The Bay Area has a new Olympian to watch this week. UC Berkeley graduate Alysia Montano tore up the track Wednesday coming in first in her heat in the 800-meter race.
Montano not only won her heat, she came with the fastest time of the round with a 2:00:47 finish.
She easily advanced to the semi-finals on Thursday.
Montano got some extra love from the NBC track analysts who gave a shout out to her grandmother, Doris May Simpson , who turned 100 years old Wednesday.
In the post-race interview, Montano was quick to wish her grandma a "Happy Birthday" as well.
The road to the London Olympic Games for the UC Berkeley graduate took a medical detour in 2008. She was considered a shoe-in for the Bejing games before a broken foot nearly broke her Olympic dreams.
But at that level, athletes can't give up. And Montano didn't.
"I had a couple of doctors telling me I wasn't going to run again at the elite level, but I just left them behind and found other ones," Montano said.
The 26-year-old healed from her injury, and soon become the fastest woman in the 800-meter run in 2010.
In 2011, she won several key races, and is currently ranked 4th in the world.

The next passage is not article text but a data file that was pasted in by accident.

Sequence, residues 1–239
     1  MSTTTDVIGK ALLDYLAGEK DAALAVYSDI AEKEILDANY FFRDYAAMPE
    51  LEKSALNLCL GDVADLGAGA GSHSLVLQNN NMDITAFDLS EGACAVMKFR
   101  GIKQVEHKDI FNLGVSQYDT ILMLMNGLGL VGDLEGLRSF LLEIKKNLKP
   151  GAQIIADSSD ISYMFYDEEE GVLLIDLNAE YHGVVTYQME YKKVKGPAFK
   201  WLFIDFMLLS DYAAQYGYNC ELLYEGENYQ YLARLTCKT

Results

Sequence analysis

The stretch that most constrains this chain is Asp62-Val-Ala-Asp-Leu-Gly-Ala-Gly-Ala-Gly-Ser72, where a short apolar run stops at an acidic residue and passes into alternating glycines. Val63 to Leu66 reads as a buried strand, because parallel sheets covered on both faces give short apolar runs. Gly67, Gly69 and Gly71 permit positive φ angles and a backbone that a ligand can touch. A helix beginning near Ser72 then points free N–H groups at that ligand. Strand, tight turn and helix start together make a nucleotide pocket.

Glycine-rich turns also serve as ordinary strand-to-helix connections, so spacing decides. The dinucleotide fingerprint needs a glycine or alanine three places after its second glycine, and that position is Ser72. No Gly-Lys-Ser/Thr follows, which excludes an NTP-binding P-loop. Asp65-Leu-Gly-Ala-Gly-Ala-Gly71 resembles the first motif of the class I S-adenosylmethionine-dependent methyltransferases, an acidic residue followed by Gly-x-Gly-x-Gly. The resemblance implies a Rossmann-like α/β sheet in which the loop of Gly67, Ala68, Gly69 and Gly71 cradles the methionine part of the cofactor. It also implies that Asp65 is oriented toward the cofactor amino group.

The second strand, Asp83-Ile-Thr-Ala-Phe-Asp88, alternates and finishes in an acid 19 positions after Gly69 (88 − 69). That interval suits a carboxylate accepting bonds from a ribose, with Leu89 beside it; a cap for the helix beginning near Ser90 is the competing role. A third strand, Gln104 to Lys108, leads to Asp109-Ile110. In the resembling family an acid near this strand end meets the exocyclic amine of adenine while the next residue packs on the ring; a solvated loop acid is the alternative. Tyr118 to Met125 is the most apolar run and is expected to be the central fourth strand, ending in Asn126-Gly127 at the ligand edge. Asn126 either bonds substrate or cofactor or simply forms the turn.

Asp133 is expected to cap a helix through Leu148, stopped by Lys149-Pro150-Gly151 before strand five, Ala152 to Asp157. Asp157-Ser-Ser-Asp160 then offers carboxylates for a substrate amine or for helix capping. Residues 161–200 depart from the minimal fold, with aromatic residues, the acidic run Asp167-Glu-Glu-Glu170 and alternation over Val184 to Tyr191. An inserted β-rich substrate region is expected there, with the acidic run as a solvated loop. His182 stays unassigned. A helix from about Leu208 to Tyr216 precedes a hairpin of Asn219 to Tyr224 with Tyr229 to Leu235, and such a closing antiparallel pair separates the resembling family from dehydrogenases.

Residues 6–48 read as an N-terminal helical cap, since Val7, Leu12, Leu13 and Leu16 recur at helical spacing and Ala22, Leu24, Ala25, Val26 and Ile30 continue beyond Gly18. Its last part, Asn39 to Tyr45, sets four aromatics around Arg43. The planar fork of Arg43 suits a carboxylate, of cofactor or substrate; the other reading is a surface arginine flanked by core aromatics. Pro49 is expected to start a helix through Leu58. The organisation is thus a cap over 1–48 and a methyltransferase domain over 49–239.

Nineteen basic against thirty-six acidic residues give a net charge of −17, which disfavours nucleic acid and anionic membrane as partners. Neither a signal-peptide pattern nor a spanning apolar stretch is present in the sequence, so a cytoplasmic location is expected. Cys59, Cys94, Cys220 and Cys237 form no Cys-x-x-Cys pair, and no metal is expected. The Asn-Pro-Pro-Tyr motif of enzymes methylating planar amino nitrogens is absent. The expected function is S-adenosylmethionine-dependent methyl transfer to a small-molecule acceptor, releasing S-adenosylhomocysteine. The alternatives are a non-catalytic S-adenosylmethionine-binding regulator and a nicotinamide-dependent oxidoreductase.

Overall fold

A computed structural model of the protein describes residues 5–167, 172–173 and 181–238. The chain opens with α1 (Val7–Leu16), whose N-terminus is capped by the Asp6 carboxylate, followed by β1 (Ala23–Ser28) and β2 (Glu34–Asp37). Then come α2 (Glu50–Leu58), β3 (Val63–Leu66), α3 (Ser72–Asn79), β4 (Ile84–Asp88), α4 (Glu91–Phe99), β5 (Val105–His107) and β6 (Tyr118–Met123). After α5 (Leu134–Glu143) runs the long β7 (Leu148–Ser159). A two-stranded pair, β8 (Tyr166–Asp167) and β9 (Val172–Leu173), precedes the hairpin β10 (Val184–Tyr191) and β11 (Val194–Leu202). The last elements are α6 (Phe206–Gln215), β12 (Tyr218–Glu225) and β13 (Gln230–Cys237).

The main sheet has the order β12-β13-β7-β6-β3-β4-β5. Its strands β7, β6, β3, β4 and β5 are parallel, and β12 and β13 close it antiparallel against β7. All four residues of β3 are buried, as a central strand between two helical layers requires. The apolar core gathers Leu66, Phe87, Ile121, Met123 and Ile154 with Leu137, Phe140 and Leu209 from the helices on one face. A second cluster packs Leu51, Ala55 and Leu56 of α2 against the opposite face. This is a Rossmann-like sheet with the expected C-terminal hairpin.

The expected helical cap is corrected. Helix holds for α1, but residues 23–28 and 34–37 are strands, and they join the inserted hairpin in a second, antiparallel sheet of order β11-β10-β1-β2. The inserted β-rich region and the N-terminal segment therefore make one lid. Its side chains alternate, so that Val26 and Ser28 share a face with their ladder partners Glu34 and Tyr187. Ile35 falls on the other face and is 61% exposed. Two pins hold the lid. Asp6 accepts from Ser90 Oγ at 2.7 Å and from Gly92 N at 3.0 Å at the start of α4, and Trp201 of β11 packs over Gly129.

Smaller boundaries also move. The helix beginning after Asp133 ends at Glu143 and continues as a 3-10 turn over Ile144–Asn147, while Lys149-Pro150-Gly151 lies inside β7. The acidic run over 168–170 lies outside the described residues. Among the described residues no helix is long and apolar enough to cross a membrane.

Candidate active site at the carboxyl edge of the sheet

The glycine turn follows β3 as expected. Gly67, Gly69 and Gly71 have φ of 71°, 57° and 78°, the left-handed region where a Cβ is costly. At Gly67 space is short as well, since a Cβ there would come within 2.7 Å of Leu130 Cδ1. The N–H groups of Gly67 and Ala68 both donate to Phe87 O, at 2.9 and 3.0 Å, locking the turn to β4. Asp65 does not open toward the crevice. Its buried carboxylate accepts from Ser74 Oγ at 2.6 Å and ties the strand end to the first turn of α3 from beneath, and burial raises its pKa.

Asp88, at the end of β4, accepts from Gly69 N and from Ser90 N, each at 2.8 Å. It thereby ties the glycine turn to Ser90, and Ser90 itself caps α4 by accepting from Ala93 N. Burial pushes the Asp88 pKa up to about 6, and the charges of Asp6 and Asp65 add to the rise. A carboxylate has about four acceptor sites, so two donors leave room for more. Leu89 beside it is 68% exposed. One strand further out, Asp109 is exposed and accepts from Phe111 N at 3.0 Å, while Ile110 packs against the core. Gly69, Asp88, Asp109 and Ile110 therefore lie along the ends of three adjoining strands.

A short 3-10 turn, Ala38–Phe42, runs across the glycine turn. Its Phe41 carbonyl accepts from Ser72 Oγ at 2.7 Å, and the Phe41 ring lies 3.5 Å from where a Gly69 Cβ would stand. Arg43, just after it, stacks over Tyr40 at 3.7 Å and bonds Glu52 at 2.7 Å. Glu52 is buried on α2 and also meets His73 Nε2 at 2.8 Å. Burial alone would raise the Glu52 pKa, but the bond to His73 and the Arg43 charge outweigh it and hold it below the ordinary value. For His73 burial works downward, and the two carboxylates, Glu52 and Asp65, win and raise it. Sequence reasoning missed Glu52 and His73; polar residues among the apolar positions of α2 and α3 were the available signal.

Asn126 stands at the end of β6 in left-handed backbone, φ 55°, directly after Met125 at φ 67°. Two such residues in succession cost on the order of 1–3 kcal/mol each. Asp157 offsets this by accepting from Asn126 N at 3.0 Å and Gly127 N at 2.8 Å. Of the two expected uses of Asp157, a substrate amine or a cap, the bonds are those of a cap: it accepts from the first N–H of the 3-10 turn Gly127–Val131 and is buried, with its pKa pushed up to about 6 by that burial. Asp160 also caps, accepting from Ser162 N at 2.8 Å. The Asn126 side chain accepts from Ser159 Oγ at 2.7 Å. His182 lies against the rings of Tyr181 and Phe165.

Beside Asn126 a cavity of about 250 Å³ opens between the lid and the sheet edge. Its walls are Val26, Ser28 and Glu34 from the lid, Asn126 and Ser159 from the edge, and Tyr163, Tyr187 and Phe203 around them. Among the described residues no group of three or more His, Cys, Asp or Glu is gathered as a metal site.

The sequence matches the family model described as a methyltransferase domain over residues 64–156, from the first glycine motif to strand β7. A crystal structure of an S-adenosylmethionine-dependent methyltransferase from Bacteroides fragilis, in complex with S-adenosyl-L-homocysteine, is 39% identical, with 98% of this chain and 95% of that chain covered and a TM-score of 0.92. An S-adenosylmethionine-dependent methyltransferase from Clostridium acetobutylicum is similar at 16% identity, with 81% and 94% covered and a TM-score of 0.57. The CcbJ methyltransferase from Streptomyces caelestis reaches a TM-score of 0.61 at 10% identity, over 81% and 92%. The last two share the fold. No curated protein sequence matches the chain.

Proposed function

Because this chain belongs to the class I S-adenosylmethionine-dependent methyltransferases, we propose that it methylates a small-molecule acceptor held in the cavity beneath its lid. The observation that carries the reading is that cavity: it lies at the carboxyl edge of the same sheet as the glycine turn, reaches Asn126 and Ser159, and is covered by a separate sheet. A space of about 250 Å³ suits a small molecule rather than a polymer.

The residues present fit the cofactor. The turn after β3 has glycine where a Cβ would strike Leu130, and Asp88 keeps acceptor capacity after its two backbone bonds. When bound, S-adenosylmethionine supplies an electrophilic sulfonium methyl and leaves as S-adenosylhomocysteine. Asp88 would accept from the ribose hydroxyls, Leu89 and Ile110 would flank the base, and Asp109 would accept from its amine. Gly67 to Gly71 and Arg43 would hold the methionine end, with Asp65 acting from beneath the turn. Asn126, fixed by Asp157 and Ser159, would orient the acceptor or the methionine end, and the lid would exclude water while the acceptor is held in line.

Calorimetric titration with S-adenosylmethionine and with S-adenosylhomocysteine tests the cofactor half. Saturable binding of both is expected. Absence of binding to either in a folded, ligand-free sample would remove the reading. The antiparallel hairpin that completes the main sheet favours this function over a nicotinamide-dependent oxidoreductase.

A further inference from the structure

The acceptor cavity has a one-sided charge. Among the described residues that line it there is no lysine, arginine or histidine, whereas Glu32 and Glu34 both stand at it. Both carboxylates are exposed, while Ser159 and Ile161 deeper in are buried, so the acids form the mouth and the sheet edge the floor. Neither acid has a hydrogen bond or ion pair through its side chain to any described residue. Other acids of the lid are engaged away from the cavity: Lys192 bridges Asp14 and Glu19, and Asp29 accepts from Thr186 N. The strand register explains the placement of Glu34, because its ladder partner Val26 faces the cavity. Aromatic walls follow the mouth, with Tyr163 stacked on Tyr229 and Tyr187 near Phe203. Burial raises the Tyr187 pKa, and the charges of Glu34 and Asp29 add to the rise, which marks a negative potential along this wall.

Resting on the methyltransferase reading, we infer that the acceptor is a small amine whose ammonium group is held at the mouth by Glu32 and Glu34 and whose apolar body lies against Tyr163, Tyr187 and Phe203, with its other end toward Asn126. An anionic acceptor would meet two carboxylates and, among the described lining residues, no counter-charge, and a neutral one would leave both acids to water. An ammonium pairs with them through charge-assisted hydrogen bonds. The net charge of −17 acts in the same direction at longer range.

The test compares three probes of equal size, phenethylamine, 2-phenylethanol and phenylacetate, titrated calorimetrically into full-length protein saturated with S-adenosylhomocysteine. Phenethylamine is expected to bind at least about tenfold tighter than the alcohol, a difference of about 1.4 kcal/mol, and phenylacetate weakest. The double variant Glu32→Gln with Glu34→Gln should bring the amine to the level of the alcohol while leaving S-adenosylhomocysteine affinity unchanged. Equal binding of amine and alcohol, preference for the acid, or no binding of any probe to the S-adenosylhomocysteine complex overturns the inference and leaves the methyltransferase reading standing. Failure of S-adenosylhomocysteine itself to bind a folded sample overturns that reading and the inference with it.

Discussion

Her coach, Tony Sandoval, who is also Cal's director of Track and Field, has worked with her for the past eight years and thinks this might be her year.
"She has had a perfect year of training," Sandoval said.
Montano's team also includes her husband of a little more than a year, Louis Montano. The two met in junior high in Santa Clarita and kept in touch as friends through college. A couple of years ago, that friendship turned into a romance. They now live in Canyon Country in Southern California.
"This sport at the end of the day can be very lonely," Alysia Montano said. "You become introverted in what you are doing, that the balance on the other side is very important. Louis really brings that balance for me."
While she finds balance from her husband, Alysia Montano finds strength and beauty in what has now become a staple in her hair. A flower. "It was my symbol of strength in femininity and not losing that part of me," Montano said.
To see uncut video of Alysia Montano talk about how she began running at an early age, click here: